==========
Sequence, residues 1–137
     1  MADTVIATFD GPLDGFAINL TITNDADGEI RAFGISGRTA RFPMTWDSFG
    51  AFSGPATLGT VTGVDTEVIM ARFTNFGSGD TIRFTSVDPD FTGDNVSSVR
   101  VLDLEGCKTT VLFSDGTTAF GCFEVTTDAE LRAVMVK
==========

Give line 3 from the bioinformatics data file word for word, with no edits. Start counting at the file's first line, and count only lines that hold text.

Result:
    51  AFSGPATLGT VTGVDTEVIM ARFTNFGSGD TIRFTSVDPD FTGDNVSSVR